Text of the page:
If it is so great, then, why is empowerment not regularly fostered effectively?
Employee empowerment comes from the individual. That is not to say that management ceases to have the responsibility to lead the group and is not responsible for performance. In fact, companies that seek to empower employees demand stronger leadership and accountability. This begins with executive leadership, through all management levels and includes frontline supervisors. Only when the entire organization is willing to work as a team are the real benefits of employee empowerment realized.
Both trusting staff to do it right the first time and coaching staff to turn around situations in need of improvement provide a support system when the job isn't done right the first time. For an organization to practice and foster employee empowerment, management must trust and communicate with employees. Actually, employee communication is one of the strongest signs of employee empowerment: from constant, honest communication regarding the strategic plan and financial requirements and performance, down to daily decision making.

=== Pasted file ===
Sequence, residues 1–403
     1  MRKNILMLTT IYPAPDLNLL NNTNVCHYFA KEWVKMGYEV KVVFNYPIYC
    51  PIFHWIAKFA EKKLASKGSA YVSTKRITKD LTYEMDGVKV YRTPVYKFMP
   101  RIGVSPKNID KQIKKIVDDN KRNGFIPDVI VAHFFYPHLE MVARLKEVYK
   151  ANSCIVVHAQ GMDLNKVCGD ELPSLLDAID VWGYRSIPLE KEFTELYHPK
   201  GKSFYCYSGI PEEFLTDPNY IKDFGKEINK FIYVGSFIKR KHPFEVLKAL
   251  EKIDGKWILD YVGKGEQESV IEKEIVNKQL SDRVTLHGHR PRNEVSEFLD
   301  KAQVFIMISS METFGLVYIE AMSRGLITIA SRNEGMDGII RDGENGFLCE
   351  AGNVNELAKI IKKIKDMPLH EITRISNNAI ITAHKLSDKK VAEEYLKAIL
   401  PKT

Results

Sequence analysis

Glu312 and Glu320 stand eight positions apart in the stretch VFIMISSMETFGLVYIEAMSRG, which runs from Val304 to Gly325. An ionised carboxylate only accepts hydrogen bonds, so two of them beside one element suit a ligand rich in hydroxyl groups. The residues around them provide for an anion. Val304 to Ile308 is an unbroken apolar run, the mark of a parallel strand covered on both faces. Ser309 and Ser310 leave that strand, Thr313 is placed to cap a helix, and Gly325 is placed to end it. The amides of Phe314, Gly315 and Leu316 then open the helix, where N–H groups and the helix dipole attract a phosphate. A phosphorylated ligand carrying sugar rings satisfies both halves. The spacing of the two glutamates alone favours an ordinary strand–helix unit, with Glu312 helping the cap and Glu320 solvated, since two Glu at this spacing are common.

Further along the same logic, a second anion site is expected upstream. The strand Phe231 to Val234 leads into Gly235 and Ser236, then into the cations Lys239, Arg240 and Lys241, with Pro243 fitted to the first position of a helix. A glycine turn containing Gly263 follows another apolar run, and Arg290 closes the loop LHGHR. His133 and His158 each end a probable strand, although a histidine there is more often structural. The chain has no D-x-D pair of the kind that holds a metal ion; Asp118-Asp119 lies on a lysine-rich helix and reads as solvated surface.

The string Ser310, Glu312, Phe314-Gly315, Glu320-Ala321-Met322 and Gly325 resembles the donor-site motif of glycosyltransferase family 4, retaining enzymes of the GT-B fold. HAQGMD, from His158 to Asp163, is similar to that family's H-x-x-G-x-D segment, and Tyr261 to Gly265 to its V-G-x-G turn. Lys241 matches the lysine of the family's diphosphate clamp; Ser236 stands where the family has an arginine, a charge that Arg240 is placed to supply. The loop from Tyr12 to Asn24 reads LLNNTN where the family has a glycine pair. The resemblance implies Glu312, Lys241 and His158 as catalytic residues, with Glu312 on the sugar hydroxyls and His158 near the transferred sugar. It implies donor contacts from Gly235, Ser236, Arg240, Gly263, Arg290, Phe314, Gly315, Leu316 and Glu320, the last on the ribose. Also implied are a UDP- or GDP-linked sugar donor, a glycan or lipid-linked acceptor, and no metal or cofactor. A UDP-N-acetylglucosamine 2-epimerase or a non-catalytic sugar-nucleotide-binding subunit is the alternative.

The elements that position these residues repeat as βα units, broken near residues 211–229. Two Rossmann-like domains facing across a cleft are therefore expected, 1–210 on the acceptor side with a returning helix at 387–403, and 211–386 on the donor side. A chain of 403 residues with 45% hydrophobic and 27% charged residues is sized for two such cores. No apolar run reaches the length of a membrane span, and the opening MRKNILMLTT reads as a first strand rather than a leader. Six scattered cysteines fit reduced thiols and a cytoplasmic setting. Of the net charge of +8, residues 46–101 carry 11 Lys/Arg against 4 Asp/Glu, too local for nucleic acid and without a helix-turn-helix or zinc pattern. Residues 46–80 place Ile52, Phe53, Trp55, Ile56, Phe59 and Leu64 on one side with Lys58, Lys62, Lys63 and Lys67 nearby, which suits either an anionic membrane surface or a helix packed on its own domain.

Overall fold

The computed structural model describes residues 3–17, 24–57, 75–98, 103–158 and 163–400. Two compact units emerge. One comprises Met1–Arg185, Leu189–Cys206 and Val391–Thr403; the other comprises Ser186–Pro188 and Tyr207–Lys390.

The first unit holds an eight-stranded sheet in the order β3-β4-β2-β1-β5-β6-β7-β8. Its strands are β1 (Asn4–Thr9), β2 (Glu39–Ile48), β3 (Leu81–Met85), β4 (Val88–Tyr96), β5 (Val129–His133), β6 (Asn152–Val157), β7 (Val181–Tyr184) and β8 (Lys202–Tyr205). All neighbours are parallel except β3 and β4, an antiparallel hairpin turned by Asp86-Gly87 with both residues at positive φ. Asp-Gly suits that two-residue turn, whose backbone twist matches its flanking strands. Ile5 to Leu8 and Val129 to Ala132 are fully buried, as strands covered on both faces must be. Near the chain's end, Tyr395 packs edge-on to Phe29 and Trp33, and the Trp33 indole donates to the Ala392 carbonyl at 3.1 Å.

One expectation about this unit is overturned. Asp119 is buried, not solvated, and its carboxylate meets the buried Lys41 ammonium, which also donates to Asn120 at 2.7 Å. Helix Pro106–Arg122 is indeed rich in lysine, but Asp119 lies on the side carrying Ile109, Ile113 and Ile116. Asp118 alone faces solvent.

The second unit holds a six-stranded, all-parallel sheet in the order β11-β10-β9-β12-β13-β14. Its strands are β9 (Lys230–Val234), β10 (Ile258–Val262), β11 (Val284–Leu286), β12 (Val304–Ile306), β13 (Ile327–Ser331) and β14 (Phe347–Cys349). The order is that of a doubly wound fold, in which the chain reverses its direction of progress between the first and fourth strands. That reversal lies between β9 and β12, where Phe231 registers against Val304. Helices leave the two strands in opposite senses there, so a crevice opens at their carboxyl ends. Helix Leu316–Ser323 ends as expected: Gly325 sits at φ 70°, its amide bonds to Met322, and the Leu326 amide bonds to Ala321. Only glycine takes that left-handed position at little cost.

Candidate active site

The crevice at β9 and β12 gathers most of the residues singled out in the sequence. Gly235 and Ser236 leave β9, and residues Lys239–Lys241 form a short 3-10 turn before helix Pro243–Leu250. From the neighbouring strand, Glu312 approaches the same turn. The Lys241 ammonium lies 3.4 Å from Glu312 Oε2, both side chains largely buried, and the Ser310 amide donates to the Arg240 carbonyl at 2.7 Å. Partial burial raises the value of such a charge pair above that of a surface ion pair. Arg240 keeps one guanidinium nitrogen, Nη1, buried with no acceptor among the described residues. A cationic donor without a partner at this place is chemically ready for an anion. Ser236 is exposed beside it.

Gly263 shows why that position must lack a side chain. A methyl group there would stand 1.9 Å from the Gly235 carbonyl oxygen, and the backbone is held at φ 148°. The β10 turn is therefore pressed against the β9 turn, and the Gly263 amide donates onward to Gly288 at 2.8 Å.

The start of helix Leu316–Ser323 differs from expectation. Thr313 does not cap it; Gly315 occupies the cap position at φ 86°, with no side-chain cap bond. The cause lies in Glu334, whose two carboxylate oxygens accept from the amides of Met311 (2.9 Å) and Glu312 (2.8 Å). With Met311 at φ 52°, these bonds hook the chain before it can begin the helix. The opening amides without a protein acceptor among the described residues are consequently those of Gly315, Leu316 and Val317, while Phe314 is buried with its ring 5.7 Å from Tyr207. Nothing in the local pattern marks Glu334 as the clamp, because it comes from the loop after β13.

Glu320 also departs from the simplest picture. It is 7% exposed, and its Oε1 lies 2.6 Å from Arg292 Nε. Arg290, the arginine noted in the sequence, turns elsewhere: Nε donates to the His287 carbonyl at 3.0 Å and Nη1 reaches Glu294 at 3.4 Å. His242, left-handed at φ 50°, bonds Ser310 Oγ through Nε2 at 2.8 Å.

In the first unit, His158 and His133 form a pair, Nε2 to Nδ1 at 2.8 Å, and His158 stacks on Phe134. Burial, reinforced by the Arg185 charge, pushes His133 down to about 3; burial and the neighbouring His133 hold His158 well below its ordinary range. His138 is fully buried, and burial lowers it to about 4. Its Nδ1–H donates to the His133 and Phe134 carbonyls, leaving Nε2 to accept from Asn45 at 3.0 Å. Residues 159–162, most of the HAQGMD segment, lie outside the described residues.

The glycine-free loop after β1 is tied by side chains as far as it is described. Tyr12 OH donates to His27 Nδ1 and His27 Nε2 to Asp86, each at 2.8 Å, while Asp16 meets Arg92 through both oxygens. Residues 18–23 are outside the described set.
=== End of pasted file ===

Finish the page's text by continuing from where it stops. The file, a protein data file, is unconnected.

Take former General Electric CEO Jack Welch, for instance. In the present knowledge-driven economy, Welch believed in creating an open, collaborative workplace wherein everyone's opinion was welcome. In a letter to shareholders, he wrote:
If you want to get the benefit of everything employees have, you've got to free them — make everybody a participant. Everybody has to know everything, so they can make the right decisions by themselves.
Or consider E.H. Wachs Company. Says the company's VP of manufacturing, Craig Lewandowski: